July 28, 2010 / 4:29 PM / 10 years ago

UPDATE 1-Vedanta defends human rights record after protests

(Adds details, quotes from meeting)

By Eric Onstad

LONDON, July 28 (Reuters) - India-focused Vedanta Resources Plc defended its human rights record on Wednesday at a shareholders’ meeting where some fund managers joined pressure groups to protest over its plans to build a bauxite mine in an area sacred to indigenous people.

London-listed Vedanta denied that building a mine to extract the raw material to make aluminium in India’s eastern Orissa state would harm the indigenous Dongria Kondh people.

The mining site is located in an uninhabited area so no one will be displaced, but the project will help lift the poor Kalahandi district out of poverty, Vedanta Chairman Anil Agarwal told the meeting.

“Kalahandi is one of the most underdeveloped districts in India, suffering from child malnutrition, high infant mortality rates and lack of schooling and healthcare,” he said.

“We are committed and sensitive to the social and cultural aspects of the region and would do whatever is required to meet the needs of local people.”

Some fund managers expressed unhappiness that Vedanta had ignored a critical review saying the firm had not followed guidelines of the OECD and called for greater independent representation on the board.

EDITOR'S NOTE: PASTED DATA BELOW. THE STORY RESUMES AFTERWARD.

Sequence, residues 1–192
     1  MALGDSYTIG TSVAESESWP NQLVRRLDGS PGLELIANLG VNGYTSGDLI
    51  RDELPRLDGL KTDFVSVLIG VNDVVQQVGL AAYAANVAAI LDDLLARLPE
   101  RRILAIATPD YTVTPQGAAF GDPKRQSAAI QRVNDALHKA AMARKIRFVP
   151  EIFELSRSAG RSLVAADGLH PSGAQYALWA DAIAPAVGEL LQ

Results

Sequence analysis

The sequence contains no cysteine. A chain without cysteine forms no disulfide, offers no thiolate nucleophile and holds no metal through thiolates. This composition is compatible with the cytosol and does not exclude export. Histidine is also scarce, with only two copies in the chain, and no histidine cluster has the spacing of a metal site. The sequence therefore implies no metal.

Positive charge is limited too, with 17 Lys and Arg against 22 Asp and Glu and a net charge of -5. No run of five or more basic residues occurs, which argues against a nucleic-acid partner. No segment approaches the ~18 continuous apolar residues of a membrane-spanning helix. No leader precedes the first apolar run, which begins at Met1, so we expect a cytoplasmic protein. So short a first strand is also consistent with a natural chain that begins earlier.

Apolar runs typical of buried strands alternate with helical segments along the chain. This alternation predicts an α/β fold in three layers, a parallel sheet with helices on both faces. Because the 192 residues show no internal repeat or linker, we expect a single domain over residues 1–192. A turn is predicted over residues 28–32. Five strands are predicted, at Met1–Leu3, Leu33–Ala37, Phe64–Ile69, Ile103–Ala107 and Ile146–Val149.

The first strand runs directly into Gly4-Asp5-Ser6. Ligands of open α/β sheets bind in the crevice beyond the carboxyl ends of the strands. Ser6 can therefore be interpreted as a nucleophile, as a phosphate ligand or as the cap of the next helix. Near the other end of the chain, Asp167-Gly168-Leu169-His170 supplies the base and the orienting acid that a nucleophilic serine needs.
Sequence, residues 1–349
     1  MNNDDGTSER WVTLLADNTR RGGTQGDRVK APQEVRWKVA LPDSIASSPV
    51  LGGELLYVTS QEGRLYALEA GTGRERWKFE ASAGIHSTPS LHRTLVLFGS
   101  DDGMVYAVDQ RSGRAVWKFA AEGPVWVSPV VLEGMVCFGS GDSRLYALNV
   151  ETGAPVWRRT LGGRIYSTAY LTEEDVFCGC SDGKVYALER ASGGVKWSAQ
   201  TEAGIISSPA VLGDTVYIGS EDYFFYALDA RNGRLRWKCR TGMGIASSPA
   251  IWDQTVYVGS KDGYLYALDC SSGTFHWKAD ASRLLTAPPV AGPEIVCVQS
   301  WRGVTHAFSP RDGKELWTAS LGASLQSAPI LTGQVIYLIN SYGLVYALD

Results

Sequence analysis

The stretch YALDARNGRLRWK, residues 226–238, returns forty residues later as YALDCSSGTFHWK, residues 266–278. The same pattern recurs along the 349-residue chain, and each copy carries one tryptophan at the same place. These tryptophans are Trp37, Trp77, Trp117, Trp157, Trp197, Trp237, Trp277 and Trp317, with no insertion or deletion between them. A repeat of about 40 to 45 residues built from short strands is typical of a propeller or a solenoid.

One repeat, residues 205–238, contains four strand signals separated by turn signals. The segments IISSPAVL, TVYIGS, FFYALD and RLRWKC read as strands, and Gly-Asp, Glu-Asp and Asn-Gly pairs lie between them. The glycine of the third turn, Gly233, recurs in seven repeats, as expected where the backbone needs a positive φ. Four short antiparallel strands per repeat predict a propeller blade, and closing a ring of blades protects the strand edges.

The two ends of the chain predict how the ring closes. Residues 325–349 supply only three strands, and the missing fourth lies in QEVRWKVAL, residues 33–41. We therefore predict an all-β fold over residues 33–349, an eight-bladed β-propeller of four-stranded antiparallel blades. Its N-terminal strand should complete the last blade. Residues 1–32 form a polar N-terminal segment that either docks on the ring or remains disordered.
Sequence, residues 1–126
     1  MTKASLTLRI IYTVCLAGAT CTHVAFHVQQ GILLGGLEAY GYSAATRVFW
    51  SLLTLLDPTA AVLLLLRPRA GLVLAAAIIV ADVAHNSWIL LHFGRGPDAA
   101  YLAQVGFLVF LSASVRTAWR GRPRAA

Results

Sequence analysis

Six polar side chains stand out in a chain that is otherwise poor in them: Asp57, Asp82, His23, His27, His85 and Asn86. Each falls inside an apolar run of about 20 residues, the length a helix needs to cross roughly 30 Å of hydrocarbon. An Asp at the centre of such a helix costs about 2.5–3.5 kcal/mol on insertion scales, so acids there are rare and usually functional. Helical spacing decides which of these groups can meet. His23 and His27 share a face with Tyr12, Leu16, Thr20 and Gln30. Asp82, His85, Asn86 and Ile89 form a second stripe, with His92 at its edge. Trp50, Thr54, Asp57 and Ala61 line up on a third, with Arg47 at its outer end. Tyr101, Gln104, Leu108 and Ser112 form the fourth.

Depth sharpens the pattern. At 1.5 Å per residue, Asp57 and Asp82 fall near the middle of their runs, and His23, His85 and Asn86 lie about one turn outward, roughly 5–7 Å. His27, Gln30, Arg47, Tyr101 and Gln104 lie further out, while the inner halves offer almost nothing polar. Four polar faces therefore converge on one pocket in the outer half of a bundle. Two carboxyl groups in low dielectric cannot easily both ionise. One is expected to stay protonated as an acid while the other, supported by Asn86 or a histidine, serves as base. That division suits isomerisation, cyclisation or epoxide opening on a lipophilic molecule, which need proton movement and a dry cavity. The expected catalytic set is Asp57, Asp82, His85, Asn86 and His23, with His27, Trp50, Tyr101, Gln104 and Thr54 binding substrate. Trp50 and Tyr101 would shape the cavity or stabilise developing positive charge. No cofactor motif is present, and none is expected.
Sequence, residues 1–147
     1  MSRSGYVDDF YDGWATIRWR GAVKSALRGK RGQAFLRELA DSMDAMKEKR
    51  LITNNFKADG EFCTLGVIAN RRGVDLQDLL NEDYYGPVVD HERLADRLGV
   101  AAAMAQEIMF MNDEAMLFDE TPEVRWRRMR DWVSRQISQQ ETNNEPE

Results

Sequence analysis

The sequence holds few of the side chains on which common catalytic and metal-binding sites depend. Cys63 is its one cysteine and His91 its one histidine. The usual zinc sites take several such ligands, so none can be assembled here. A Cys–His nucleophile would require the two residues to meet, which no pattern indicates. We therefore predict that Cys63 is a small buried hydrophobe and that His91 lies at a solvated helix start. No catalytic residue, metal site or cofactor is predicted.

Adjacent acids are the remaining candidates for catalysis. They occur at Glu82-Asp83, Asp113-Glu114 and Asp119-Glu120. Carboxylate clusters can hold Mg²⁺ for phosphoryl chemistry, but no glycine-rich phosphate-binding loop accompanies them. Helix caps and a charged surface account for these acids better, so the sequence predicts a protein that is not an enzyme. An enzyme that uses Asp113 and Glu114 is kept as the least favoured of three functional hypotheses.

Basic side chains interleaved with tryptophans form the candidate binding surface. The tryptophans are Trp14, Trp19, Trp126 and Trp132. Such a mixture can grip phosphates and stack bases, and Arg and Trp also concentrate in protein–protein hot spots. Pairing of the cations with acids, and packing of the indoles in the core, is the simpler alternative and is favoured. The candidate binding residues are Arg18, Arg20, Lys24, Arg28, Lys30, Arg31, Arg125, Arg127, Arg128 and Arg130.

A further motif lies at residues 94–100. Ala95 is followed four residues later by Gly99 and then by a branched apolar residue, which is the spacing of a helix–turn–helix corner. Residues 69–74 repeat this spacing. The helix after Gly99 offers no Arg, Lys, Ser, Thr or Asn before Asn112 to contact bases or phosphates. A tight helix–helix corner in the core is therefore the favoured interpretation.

“You clearly have not engaged in the (OECD) process,” said Steve Waygood, an official with asset manager Aviva Investors, part of insurer Aviva Plc.


To show its concern over the bauxite mining project and other issues with the company, Aviva before the meeting said it planned to vote against three resolutions at Vedanta’s meeting, regarding the annual report and accounts, the remuneration report and the reappointment of the board member who chairs the health, safety and environment committee.

Poor countries such as India face a difficult balancing act in seeking to promote economic development while also protecting the environment and indigenous peoples, said Vedanta board member Naresh Chandra.

“It is very difficult for a hungry person to appreciate the beauty of nature,” he said.

India’s Environment Ministry on June 30 ordered a new panel to investigate whether Vedanta’s planned mine could impact local tribes and wildlife.

A report on Vedanta submitted to the environment ministry in March said company was violating environmental guidelines and had not taken adequate consideration of the impact on the Dongria Kondh people.

Vedanta has also been criticised for the collapse last year of a chimney at a power plant owned by a subsidiary that killed around 40 people.

The vice president of Vedanta’s Bharat Aluminium Co and two other officials were charged with homicide. (Editing by David Holmes)

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